Barton Springs Salamander (Eurycea sosorum)- Endangered Texas Salamander Art

5% of profits support Endangered & Threatened Species.

The Barton Springs Salamander occurs only at the spring outflows of Barton Springs in Austin, Texas... 

©Juliet Whitsett |Social: @juliet_whitsett_art

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According to TPWD "A slender, long-limbed salamander, about 2.5 inches in total length, with a small narrow head and greatly reduced eyes. They vary in color, and can be dark gray, gray, purplishgray, gray-brown, or yellowish-brown. Most individuals have a dark "salt-and-pepper" mottling on their back. These salamanders have external gills which are red in color. The Barton Springs Salamander is entirely aquatic throughout its life."

"Because the Barton Springs Salamander relies on the clear, pure water of the Barton Springs Aquifer, protection of the quality and quantity of water flowing from Barton Springs is essential for its survival. Threats to water quality such as urban runoff, increased development in the Barton Creek watershed, and the risks of a toxic chemical spill or sewer line breakage in the urban zone surrounding Barton Springs remain a concern. Also of concern are reduced groundwater supplies due to increased urban water use."

"Residents and visitors to Austin will be happy to know that swimming in Barton Springs Pool does not pose a threat to the salamander or its habitat. With proper management, the pool will continue to provide refreshing enjoyment for people and habitat for the Barton Springs Salamander." -TPWD

Barton Springs salamander

Barton Springs salamander caught at Sunken Garden. Although the animals have evolved to spend their entire lives underwater, they can survive out of the water for brief periods.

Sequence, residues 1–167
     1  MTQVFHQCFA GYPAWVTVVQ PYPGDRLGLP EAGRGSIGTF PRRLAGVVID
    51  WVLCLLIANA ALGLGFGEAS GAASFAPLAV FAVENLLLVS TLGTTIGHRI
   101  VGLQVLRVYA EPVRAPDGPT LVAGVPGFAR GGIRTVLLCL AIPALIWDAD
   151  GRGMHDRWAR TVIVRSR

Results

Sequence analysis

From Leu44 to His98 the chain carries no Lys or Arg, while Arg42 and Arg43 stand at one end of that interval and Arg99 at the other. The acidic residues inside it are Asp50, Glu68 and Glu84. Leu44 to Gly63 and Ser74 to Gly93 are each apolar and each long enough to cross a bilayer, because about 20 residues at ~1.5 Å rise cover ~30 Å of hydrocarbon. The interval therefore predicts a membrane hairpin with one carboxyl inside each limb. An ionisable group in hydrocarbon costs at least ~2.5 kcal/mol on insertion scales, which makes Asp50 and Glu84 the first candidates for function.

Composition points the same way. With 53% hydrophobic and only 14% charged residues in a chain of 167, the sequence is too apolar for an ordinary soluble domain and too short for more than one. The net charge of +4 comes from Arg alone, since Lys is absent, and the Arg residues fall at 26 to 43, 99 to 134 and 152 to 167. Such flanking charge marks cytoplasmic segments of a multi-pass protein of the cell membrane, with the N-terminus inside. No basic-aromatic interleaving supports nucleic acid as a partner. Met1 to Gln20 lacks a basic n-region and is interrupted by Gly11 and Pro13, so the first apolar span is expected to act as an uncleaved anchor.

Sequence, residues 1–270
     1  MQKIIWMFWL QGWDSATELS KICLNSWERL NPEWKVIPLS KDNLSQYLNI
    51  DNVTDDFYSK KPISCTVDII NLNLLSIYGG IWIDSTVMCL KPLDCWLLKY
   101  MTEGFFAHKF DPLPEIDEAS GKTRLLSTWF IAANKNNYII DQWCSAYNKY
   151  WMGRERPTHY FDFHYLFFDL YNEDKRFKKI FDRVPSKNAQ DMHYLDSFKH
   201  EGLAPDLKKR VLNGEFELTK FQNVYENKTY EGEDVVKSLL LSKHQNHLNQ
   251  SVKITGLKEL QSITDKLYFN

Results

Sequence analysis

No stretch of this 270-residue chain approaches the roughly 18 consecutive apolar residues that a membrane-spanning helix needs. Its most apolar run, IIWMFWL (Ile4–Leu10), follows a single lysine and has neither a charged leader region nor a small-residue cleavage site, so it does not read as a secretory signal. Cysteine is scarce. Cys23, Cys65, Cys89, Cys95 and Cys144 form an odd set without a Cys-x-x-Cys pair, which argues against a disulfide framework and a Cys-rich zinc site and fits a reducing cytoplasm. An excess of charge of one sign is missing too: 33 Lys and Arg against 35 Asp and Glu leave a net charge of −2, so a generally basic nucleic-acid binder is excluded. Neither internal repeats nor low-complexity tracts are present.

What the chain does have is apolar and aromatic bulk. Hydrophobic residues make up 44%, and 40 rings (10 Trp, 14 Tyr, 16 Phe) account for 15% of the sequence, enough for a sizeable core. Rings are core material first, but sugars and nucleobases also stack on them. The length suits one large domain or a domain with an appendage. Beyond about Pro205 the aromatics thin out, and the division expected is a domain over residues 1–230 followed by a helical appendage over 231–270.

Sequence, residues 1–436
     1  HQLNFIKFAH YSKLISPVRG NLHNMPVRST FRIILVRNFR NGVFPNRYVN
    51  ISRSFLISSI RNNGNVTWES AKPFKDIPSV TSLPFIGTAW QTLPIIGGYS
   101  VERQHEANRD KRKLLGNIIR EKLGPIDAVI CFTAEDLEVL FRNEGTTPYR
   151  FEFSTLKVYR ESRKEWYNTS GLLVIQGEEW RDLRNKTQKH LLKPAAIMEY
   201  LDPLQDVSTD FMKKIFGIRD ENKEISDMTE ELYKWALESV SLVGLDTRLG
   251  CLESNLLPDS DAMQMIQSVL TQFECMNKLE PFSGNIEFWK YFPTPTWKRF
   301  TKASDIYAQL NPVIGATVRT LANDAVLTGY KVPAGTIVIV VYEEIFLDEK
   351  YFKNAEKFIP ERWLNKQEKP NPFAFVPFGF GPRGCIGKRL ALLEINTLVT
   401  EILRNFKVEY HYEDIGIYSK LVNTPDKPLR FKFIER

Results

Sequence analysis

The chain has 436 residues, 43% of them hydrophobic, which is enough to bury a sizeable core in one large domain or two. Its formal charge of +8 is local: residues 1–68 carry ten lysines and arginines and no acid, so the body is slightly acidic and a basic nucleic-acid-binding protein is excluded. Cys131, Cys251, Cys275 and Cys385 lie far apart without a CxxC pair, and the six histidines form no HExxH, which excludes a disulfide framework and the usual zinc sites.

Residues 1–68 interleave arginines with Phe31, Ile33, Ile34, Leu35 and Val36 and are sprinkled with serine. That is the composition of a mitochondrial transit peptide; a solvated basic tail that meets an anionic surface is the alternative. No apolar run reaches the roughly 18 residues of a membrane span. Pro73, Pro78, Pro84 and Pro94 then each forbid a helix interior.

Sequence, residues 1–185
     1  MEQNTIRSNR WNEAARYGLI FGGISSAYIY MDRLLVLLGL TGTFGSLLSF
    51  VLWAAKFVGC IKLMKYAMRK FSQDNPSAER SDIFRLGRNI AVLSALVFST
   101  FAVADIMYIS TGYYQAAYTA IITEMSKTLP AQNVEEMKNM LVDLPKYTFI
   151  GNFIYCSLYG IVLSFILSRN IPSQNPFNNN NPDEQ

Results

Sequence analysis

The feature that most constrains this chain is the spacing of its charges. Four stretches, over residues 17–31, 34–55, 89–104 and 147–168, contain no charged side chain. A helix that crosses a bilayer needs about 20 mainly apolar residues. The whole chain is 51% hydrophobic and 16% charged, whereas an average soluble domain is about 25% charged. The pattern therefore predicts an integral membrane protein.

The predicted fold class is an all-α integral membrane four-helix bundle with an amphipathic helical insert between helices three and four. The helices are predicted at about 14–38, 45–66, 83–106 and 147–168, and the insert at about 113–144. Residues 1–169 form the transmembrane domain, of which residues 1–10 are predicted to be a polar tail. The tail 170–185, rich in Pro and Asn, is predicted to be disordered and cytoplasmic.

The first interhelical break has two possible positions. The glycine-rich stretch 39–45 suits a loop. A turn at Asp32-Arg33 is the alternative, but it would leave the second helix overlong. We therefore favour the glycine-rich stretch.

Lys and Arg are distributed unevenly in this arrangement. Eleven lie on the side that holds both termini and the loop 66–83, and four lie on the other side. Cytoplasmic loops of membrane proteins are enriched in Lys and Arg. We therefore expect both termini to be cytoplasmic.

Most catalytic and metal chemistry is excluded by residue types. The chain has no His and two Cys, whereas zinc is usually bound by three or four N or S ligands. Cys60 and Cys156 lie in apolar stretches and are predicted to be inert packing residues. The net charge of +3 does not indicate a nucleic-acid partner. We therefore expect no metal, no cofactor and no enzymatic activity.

18 Second Video of the Barton Springs Salamander:



According to Texas Parks & Wildlife, "The Barton Springs Salamander occurs only at the spring outflows of Barton Springs. These are often found under rocks or in gravel in water several inches to 15 feet deep. They can also be found hiding in aquatic plants and algae. They rely on a clear, clean, continuous flow of spring water. The Barton Springs Salamander is clearly capable of living underground, but also inhabits surface environments. Although not known for certain, some scientists believe the salamander is primarily a surface-dweller that is adapted for life underground when surface conditions become unsuitable."


Biologists Laurie Dries and Todd Jackson study the federally endangered Barton Springs salamander, an aquatic amphibian found only at Barton Springs.


There are 148 Threatened Species & 74 Threatened Species in Texas. Each palette & species is unique. I have sampled colors from images of actual Texas Threatened Species and created original art inspired by each group.⁠⁠⁠⁠⁠⁠⁠⁠⁠⁠ ⁠⁠⁠⁠⁠ 5% of the profits from this series enthusiastically goes to help Threatened & Endangered Species.


Wonder what you can do to help? One easy thing I have found is to write my US house Rep. and ask them to support The Recovering America's Wildlife Act RAWA⁠ Find out more at if you aren't in Texas,